The Census Bureau of the Department of Commerce has announced that U.S. retail e-commerce sales for the fourth quarter of 2006 were $29.3 billion, an increase of 4.6 percent from the third quarter and 24.6% above the fourth quarter of 2005. In fact, the year to year growth has been more than 20% for every quarter since it has been tracked back five years or so ago. The impressive double-digit growth rate is more than triple the growth of retail sales overall. E-commerce has now reached 3% of total retail sales
Why isn’t it 20% instead of 3% ? There are many reasons — most of them are not technology related. Other than the major sites, many web businesses have lame web pages that ask you to re-enter a date because you forgot the dashes, or re-enter the date because no dashes are allowed, or enter your favorite color and then tell you it must be at least five characters in length (nix red, blue, gray, tan, pink), or make bold statements about how their e-business is there for you 24×7 and then displays a page that says "sorry, our web site is temporarily unavailable", or "you can’t there from here" error messages . When it comes to concerns about security, identity theft, and privacy, I am optimistic that these issues will be adequately addressed. However, the ease of use issues require a shift in attitude to solve. I must confess that I thought this would be well understood after a decade of e-commerce but we clearly have a long way to go.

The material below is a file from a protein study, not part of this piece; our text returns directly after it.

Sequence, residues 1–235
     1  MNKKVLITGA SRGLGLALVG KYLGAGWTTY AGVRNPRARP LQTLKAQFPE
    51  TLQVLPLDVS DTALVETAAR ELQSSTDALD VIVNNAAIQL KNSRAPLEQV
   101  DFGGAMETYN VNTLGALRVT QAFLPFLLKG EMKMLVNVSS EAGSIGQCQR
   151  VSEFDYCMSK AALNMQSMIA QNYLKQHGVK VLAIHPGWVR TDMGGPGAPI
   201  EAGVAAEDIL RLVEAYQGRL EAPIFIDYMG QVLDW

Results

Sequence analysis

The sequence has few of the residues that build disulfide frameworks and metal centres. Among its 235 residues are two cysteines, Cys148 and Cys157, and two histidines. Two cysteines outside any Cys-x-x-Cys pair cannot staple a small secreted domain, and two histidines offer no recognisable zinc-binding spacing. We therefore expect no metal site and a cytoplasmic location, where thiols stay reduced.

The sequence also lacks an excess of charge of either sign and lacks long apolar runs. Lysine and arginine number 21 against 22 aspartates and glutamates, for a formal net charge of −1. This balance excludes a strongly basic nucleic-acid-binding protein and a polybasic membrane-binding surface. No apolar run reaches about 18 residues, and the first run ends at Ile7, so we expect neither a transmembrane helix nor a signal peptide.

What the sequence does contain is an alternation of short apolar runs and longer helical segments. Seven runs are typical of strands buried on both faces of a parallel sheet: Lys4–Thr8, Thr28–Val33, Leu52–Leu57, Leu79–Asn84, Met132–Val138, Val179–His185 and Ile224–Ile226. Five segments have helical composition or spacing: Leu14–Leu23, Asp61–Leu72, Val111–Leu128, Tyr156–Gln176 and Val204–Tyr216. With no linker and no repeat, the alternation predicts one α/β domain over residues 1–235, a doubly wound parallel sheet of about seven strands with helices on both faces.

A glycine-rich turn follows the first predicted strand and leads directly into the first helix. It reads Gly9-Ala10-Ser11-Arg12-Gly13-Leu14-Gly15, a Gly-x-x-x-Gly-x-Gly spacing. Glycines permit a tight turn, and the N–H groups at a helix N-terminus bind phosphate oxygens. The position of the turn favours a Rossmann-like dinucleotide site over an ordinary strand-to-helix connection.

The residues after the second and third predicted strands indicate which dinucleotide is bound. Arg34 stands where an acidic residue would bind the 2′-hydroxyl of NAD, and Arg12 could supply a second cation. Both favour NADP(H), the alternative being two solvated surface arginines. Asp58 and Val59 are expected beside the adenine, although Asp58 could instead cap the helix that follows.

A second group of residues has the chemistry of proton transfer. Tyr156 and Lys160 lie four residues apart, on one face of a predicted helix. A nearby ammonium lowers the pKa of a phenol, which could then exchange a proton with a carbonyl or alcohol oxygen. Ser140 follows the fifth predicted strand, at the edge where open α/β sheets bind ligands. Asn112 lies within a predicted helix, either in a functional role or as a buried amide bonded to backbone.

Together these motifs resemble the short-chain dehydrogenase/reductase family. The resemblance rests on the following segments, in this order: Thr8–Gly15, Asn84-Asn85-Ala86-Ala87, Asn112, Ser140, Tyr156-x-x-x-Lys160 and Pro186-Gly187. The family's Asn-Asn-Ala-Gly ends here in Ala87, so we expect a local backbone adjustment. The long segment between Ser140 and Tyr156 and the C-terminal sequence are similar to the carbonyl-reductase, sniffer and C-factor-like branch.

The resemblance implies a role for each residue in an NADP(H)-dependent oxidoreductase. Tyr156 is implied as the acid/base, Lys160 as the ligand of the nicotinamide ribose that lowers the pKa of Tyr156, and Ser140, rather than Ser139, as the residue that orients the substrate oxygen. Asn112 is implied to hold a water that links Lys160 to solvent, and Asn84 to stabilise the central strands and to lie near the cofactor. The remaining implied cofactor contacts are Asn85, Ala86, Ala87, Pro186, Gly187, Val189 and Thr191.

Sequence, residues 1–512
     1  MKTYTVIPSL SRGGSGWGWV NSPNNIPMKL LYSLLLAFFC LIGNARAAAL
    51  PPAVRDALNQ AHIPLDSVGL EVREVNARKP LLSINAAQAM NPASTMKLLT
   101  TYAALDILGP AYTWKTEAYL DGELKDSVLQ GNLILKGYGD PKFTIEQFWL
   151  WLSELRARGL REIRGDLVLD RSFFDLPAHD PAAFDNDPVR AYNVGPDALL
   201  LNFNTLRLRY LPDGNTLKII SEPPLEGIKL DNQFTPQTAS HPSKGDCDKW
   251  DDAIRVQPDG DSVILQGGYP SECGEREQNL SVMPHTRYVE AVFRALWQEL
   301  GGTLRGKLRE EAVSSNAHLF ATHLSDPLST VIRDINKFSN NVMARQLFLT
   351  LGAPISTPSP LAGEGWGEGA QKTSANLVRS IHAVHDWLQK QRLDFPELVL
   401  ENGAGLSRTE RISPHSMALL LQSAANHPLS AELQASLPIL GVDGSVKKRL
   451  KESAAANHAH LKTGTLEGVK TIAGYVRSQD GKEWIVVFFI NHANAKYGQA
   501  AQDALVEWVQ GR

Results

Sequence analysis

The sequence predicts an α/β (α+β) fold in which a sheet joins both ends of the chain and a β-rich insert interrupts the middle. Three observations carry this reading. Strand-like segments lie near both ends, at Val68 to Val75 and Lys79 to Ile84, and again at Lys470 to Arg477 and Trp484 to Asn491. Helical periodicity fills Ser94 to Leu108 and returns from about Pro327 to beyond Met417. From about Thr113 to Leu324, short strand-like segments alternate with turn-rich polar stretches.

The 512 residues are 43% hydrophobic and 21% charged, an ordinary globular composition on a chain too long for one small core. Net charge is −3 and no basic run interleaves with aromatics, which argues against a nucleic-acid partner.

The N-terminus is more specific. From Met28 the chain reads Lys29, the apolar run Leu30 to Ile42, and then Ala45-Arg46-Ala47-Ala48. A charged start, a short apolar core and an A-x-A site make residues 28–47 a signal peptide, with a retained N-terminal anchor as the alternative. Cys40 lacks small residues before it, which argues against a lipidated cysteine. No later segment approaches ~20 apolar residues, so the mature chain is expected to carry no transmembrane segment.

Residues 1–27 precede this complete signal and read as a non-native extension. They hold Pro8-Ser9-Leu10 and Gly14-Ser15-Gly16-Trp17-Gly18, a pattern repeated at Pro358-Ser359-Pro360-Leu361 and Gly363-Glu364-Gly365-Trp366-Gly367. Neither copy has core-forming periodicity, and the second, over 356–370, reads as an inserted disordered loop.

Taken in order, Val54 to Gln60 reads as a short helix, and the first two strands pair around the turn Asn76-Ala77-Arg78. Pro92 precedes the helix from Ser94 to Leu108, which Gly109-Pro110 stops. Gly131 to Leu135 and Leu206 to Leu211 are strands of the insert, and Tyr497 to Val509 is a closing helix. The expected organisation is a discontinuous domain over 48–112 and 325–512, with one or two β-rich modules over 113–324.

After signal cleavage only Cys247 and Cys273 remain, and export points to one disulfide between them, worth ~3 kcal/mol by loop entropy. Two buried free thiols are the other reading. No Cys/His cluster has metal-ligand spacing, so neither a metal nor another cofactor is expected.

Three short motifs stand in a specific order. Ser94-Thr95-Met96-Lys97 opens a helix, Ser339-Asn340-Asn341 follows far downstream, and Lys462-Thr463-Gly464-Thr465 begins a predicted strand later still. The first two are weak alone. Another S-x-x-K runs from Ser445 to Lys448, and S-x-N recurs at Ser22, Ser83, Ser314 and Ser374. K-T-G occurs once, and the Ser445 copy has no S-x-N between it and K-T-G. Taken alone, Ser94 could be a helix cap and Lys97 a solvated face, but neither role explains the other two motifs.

As eBay and Amazon continue to grow and show real profits to the world, business leaders are paying more attention. The free markets are driving competition and innovation is beginning to kick into high gear. We have barely scratched the surface of what is going to happen. It will never be 100% of retail but I can see it getting to 25% which will make it a trillion dollar business.